Recently a client – Steve – expressed great concern about complacency. “I think it’s creeping into the organization and the family; and I’m not sure I know what to do about it. Our numbers still look good, but we seem to have lost the ‘fire in the belly’ that drove us for so many years.” When I asked him to be more specific, he talked about “cruise control” management; “no one is as good as we are and we’ve paid our dues attitudes”; and entitlement episodes among immediate family members.
I told Steve that complacency was not the issue, but a symptom of an outbreak of SOAKWU. That’s a condition characterized by any individual or organization believing that he, or the team, has become the Source of All Knowledge and Wisdom in the Universe. It stifles creativity, innovation, and urgency. It breeds a sense of hubris and ego that leaves those infected with a sense of distrust or indifference to advice from anyone, especially those making or having less wealth or of a lower position.
This kind of behavior can derail a leader and crash his/her succession efforts. In Why CEOs Fail, David L. Dotlich and Peter C. Cairo describe the symptoms of what I call the SOAKWU epidemic. Those behaviors most closely associated with this kind of leadership failure include:
Arrogance – My map of reality is the only true and correct map.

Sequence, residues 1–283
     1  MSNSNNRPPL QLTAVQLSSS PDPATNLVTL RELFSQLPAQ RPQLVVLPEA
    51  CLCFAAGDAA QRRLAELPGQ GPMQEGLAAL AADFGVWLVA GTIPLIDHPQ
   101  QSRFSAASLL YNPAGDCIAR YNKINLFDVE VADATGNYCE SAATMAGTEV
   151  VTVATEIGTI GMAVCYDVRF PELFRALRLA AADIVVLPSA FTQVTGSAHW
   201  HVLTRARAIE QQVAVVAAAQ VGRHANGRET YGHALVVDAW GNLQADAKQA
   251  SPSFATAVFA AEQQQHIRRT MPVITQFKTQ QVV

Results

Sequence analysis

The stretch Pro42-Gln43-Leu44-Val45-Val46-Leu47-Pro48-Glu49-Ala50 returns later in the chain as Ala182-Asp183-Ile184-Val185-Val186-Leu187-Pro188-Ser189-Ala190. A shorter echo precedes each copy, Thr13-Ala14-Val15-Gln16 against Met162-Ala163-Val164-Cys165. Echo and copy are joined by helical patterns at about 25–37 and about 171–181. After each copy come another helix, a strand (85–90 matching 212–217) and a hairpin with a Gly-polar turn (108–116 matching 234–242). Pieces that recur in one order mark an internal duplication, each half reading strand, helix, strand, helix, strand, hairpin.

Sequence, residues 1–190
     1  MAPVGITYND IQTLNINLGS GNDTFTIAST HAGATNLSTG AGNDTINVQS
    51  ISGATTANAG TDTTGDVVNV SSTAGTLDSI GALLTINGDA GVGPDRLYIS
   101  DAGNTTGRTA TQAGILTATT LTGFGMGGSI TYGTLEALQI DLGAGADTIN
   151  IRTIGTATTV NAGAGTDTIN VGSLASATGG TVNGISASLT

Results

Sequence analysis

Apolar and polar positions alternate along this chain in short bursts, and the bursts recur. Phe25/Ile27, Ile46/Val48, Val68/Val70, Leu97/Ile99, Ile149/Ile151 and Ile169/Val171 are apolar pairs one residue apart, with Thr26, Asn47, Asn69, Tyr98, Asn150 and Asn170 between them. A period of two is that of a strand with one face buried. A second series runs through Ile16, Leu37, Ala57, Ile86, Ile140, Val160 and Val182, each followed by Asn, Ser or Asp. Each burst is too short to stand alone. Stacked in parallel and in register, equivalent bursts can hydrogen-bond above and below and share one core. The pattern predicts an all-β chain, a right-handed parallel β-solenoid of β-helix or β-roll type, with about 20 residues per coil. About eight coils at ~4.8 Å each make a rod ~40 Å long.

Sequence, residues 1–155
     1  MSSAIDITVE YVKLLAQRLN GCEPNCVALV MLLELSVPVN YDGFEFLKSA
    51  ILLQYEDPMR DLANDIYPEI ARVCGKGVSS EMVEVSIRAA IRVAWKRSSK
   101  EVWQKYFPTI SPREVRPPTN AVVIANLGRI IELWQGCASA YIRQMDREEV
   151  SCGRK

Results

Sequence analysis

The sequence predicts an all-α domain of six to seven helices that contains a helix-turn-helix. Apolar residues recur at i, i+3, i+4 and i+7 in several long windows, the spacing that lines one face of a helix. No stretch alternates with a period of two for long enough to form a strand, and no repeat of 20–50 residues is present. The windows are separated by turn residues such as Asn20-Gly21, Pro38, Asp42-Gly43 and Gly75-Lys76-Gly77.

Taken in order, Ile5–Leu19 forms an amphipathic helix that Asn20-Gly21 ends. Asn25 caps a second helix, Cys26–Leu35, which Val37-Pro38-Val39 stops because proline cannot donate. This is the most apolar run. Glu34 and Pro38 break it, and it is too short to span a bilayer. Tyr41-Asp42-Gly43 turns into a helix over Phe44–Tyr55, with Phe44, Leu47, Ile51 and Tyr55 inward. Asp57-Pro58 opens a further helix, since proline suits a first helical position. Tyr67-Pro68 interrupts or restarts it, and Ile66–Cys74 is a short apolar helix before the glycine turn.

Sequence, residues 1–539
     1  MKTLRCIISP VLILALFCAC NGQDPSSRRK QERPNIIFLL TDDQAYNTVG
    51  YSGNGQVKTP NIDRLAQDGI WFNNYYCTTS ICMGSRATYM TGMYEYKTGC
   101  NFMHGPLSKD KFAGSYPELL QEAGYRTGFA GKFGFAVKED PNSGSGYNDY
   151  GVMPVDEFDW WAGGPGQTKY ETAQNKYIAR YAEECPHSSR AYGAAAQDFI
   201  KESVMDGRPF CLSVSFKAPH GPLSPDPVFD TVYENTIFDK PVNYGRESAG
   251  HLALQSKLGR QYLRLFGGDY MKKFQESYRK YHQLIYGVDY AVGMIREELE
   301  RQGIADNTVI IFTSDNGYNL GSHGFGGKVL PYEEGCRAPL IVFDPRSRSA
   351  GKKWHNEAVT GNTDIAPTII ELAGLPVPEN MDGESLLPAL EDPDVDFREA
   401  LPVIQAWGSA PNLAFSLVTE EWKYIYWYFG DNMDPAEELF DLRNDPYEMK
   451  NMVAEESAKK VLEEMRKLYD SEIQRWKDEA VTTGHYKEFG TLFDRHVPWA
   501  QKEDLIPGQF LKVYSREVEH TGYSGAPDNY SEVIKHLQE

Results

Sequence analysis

Melodrama – Could you move the spotlight a little closer to me?
Volatility – Caution: Hothead liable to explode without warning.
Excessive Caution – I need still more information!
Aloofness – Go away and stop bothering me with minutia.
Mischievousness – Wow! Another rule I can break!
Eccentricity – I just like being different.
Passive Resistance – I may never tell you what I really believe.
Perfectionism – I get the little stuff right, so who cares about the big stuff?
Eagerness to Please – I want to be liked by everyone.
That’s quite a laundry list, isn’t it? Did you notice what’s not included? The failures of CEOs, and other leaders by extension, usually have little to do with a lack of ability related to those things we usually talk about as “hard skills”.
It’s the soft skills that undue effective leadership. At one time or another, most of us are going to exhibit an uncanny ability to demonstrate one or more of these “failure behaviors” because we’re all human.
But if any one or more of these leadership failure skills make up the primary behavior pattern of an organizational or family leader, then Succession Success™ is going to be compromised accordingly; and the results can be devastating in financial and/or personal relationships. And it’s all because someone decided that he/she is the source of all knowledge and wisdom in the universe.
Sign up for our monthly e-newsletter to stay informed on how to overcome related succession planning issues.